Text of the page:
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Singled Out: GoldFlece's Space Rider


Keavin Wiggins | 08-04-2020

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GoldFlece

GoldFlece tells us about his latest release "Space Rider". Here is the story: GoldFlēce is a multi-genre artist exploring a contemporary perspective of music production and performance. Each release by GoldFlēce is coded to its genre: GoldFlēce.rock, GoldFlēce.jazz, GoldFlēce.EDM, GoldFlēce.classical, and now, GoldFlēce.new-age. Today, GoldFlēce tells us about the genesis of Space Rider, the latest new-age release.

I've always loved space. When I was a kid, I had a cardboard Gemini spaceship. It didn't do anything, you just sat in it and imagined you were John Glenn. My mother preserved a few things from my childhood. One was a pillowcase with rocket ships on it. I still have that pillowcase today. Then in 1968, my parents took me to a movie theater in downtown Chicago to see 2001: A Space Odyssey. I've never looked back. Computers, space flight, classical music (including Edgar Varèse) all seemed like different aspects of the same thing to me.

Flash forward to the present: the country ravaged by a pandemic that is only slightly less destructive than those depicted in Sci-Fi movies, massive social and financial disruption, and more than a few very good reasons to isolate oneself from the churning mayhem. Once I was away from the pressing issues of the day, and all was quiet, I looked up. And I saw the Milky Way brighter than I ever recalled seeing it. So I got a telescope (actually two) and set about figuring out just where I was situated in the universe. It's now been several months and I've seen things with my own eyes that help me have a better grasp of the relative size of the problems of everyday life on this planet. I began to observe the Hercules Star Cluster and the Dumbbell Nebula, while I had time off from my gigs with A Brothers Revival, a group that brings the music of the Allman Brothers to life, two different symphony orchestras where I play double bass, and a church gig with a gifted harpist as music director.

It was at the church gig that the seed of Space Rider happened. Our music director harpist was looking at a harp part I had written for a classical piece called "The Hunt'', a fictional musical narrated children's story about a fox hunt in 16th century England. While I was recording her playing the part from the Hunt, she warmed up on the harp playing many high speed, technically perfect arpeggios. When I got back to the studio, I listened to the recording of her and heard the harp arpeggio that I ended up using in Space Rider. Even today, I haven't listened to the rest of her recording! Instead, I was so taken by the sound of her harp, I began writing the other parts of Space Rider.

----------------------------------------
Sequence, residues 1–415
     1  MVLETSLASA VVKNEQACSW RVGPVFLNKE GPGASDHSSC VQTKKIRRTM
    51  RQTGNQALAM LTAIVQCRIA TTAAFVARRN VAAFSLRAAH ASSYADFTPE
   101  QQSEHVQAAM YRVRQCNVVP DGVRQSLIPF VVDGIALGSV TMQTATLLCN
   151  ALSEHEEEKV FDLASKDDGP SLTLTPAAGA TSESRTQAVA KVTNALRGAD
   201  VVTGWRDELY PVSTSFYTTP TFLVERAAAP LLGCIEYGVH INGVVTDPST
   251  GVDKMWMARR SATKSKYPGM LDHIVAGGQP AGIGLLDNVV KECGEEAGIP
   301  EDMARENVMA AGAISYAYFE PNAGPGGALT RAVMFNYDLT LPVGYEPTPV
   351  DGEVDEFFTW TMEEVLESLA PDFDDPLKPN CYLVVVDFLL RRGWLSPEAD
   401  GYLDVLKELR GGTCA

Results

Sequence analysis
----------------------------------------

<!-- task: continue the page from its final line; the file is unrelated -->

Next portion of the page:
It is so interesting how my music evolves in the studio. The melody grew out of my imagination, as did the bass line. I spent an afternoon looking for a big, fat, pad sound from my Fender Strat through a Vox Valvetronix amp to fill in the center. Using Ableton Live, usually a DAW used for dance oriented music, I was able to transpose (warp) the harp part to facilitate the key change at the beginning of the bass solo. Improvising on the electric 6-string bass led to the trumpet and bass duet at the end of the piece. At the end of the process, I imagined some words to tell the story of Space Rider: Riding up to Space, I'll have left this place, When I'm up so high, I'll have said goodbye. I had been wanting to explore my Boss VE-500 vocal processor so I experimented with what I call diatonic parallelism - essentially chords built in thirds but stacked so high that they begin to act as tonal clusters in very high octaves. Instead of being heard as harmony, they are heard as slightly dissonant yet pleasingly colorful additions to the sound of the piece.

Then came the video. I was a bit rusty at Final Cut X, so it took a while to get into the groove of the software. When Brian Taylor (Trumpet) came by, I not only recorded him, but had him play the song in front of a green screen (actually at that time some green construction paper). I relearned the bass part of the bass and trumpet duet and performed it in front of the green screen as well. The green screen allowed me to make use of some of my astrophotography images I had taken with the Stellina robotic telescope. The cherry on the cake was using a model of the space shuttle from 2001: A Space Odyssey circa 1970 that I had kept. I think I may have, using a bit of thread and the green screen, recreated all the special effects in early Sci-Fi movies. Well, all of them before 2001: A Space Odyssey.

And that is how I made Space Rider. It took a lifetime of fascination with space travel, computers, and music to be able to blend in the elements I had access to to create the piece. I released it under GoldFlēce.new-age on all the usual music networks, Spotify, Apple Music, Amazon, Youtube, etc. I hope you enjoy it. Please visit GoldFlece.com for more info or search GoldFlēce on Facebook and become a fan.


Hearing is believing. Now that you know the story behind the song, listen and watch for yourself below


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